low- of 70 degrees. Monday’s high
mark was 100 degrees.
An occasional drop of rain fell
on startled citizens in part—~*>f
the city area during the after-
Ralph Hill, IochI weather ob-;
Of Suez Dispute.
Washington, Aug. 1 1 <48 —
American and Russian delegates
to the 22-nation London confer-
ence on Suez have voiced optim-
ism thnt the dispute can be set-
In Washington, Secretary of
to Jim Anderson, manager.
The sixteen member committee!
of the iittod judicial district.
Court reporter Hattie Mae
will meet in the Chamber of Com- Smith of Paris at)d District Clerk
More to North
VhIIoii (ilohup were present.
Work Under Way
Shoulder construction is the
center of activity on the U. S.
67 Freeway proje t following
server, reported barometric pres- j Stale Dulles emerged from a fin- < ompli lion of thi ‘"iiiiiti l,a' .
al conference with President F.T-; ">g on th« traffic lanes last week-j
senhower before leaving for Lon-1 end.
and Jack Dickerson, members of
Troop 67, and James McElroy,
member of Troop 61, were can-
didates for thp Order of the Ar-
—were sent to the state peniten-
tiary last night after an escape
attempt was brought to light.
The men—all convicted felons
had attempted to dig through
All three received membership the concrete ceiling in the, ceil.
his stepfather. The mother, Mrs. Brotherhood Honor roll. T
Norma Jane Price, was hit in the ^wo were Ben Dickerson and Bi
stomach by several bird shot pel-
lets. The 49-ycar-old woman fell
fatally wxunded in front of her
trailer home about 10 miles north
of Fort Worth.
The stepfather, 52-y e a r-o 1 d
Frank Price, suffered 3 pellet
wounds in the neck as he was
trying to escape from the line of
Cole fled front the scene of the
shooting but was arrested this
morning in Saginaw, walking
along the highway toward Fort
Worth. The. youth surrendered
and became Ordeal Scouts. And
Brotherhood is one step higher
than Ordeal Scout-
Randy Hall, who is already a
Brotherhood Scout, und Bill
Johnson went along with the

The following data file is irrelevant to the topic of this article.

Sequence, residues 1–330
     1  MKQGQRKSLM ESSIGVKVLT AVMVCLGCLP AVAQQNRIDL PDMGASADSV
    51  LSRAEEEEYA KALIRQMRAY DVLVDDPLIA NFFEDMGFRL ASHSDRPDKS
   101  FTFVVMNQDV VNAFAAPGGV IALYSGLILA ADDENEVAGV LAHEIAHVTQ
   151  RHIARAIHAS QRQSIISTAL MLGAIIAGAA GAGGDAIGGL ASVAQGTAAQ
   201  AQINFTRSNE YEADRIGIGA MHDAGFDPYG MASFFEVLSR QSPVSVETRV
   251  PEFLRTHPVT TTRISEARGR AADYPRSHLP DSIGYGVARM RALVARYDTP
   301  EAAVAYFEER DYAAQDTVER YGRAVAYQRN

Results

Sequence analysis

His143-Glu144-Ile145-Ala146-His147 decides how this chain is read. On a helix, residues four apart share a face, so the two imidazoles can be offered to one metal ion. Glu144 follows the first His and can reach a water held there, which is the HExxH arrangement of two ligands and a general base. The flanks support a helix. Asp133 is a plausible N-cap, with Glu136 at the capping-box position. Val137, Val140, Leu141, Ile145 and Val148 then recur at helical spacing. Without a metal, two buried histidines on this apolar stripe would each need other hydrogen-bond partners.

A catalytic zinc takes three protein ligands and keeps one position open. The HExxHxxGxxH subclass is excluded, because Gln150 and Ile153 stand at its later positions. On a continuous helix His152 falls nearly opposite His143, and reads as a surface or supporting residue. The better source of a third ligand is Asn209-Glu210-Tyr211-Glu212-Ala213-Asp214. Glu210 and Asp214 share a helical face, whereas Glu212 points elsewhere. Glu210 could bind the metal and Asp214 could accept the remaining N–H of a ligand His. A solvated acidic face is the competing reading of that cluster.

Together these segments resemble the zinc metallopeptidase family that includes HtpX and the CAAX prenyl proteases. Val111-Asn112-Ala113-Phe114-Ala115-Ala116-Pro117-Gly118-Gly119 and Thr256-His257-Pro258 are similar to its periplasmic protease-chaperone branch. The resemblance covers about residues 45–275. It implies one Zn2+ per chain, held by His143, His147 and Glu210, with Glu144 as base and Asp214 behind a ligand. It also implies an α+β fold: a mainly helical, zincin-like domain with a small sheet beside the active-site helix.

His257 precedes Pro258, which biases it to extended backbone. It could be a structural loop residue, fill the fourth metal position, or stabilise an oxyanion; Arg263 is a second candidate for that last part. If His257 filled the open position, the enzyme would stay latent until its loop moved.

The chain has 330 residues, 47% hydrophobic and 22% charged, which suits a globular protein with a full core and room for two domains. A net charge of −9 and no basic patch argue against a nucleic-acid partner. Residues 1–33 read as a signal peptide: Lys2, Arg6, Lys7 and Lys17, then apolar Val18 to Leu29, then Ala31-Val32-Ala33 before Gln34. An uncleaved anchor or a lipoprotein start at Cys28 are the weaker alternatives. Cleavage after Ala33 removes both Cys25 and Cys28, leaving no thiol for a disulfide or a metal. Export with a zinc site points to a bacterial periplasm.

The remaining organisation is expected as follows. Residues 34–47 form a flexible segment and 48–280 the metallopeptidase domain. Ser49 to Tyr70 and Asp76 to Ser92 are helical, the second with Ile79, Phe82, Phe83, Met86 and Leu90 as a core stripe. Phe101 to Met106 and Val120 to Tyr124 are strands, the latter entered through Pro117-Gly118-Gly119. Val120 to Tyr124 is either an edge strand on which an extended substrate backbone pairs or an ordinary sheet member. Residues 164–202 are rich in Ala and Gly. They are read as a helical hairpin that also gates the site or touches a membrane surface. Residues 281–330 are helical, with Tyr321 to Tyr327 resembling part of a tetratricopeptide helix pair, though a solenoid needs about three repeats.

The Corpus Christi sheriff,
Odem Dclan, says the prisoners
planned to rush a guard if the
break-out attempt failed. Only a
small amount of concrete had
been chipped away.
Deputies took the prisoners to
Huntsville in patrol ears last
night. Ordinarily the men would
have been held at Corpus Christi
until a state prison wagon picked
sure of 30.00 inches at noon and
relative humidity of 44 per cent.
Extremely hot weather was re-
ported over most of Texas. Gal-
veston had a light thundershower.:
The flexible base shoulders of
peaceful solution j Hu* highway will be hiiifaced with
! n.phnlt, as will the service roads.
Kills 14 People
don this afternoon and said he is
confident of a
of the dispute.
Soviet Foreign Minister Shepi- ..... . ______ .
lov arrived in London today and Okla , is being hauled to the new County eourtnouse.
expressed a desire for peace. But I'M Highway 228u construction
the Russian foreign minister told job between Sulphur Springs and
newsmen any agreement would Peerless.
Glen Fry, senior resident engi-
neer here for the Texas Stale
Highway Department, explained
the highway base will consist of
per cent rivet
Miami, Fla., Aug. 14 OR—Here
| is * 3 p. m., EDT, advisory from
j the Miami Weather Bureau:
“Hurricane Betsy at 3 p. m.
: was located about 200 mites east
i of Stuart, Fla., continuing on a
| northwest course at 14 miles per
hour with no change in size and
I “Hurricane warnings are still
1 displayed from north of Palm
j Beach to Melbourne and u hurri-
cane watch is in effect north of
I Melbourne to Brunswick, Ga.
"The hurricane path appears to
| be becoming very slowly more
1 Northerly with time and there aro
some indications of a still more
A 52-year-old man was hired northerly direction after 18 to 24
Monday by the Commissioners If this develops the posai-
have to include all counties using
the canal plus Egypt, which is
| boycotting the meeting.
1 In a White House stntemeni,
Montieello, Utah, Aug. 14
Crews are probing through the! Dulles said he is confident a for-j a mixture of 30
tangled wreckage of the Lariat inula will be found at the Suez type gravel anxl 70 pei cent Pick-
Cafe, where 14 persons wgre kill- conference which will assure ton gravel.
what he termed dependable* in- Hauling of the Pi kton gravel
ternational control of the impor-; has been completed. About 20
tant waterway. Dulles emphudz- per cent of the Oklahoma gravel
ed that the US is united with, has . been delivered. Mixing of
River l; pe giavel from Hugo, ‘ Court a;, custodian of the Hop- hility of the hurricane center re*
: maining east of the Florida coast
C. If. Redding ot the Harmony increases. However, there should
community, will fill the vacancy ; |,e no relaxation at this time of a
created by Bud Hargis. Hargis i hurricane watch,
submited his resignation July 80. j “Small craft along the eoast
Picked from 61 applicants, t from Stuart to Urunawk-k, Ga.,
Redding will begin his duties should remain in port."
Wednesday , according to County I ■ ..........................
Judge Newt Owens.